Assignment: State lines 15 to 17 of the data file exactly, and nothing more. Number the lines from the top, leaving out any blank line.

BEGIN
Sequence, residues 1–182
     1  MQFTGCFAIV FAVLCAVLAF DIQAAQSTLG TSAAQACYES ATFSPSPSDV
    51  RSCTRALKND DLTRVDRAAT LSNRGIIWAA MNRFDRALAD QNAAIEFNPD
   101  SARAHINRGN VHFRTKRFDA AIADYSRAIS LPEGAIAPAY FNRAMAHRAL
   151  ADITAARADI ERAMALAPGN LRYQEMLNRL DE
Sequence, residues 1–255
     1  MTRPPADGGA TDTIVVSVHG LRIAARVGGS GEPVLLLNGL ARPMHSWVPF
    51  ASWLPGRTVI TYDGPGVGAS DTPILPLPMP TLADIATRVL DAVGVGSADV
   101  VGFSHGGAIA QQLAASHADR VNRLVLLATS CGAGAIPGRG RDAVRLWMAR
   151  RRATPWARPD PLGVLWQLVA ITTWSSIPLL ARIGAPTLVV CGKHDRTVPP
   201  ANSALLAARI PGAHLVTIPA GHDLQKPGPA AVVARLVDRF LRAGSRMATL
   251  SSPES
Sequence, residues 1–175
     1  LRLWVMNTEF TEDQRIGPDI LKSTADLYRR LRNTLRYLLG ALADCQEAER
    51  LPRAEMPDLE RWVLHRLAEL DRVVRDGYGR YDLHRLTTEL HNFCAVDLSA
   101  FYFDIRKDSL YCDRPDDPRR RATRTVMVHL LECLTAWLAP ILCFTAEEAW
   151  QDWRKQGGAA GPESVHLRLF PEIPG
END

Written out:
    51  LPRAEMPDLE RWVLHRLAEL DRVVRDGYGR YDLHRLTTEL HNFCAVDLSA
   101  FYFDIRKDSL YCDRPDDPRR RATRTVMVHL LECLTAWLAP ILCFTAEEAW
   151  QDWRKQGGAA GPESVHLRLF PEIPG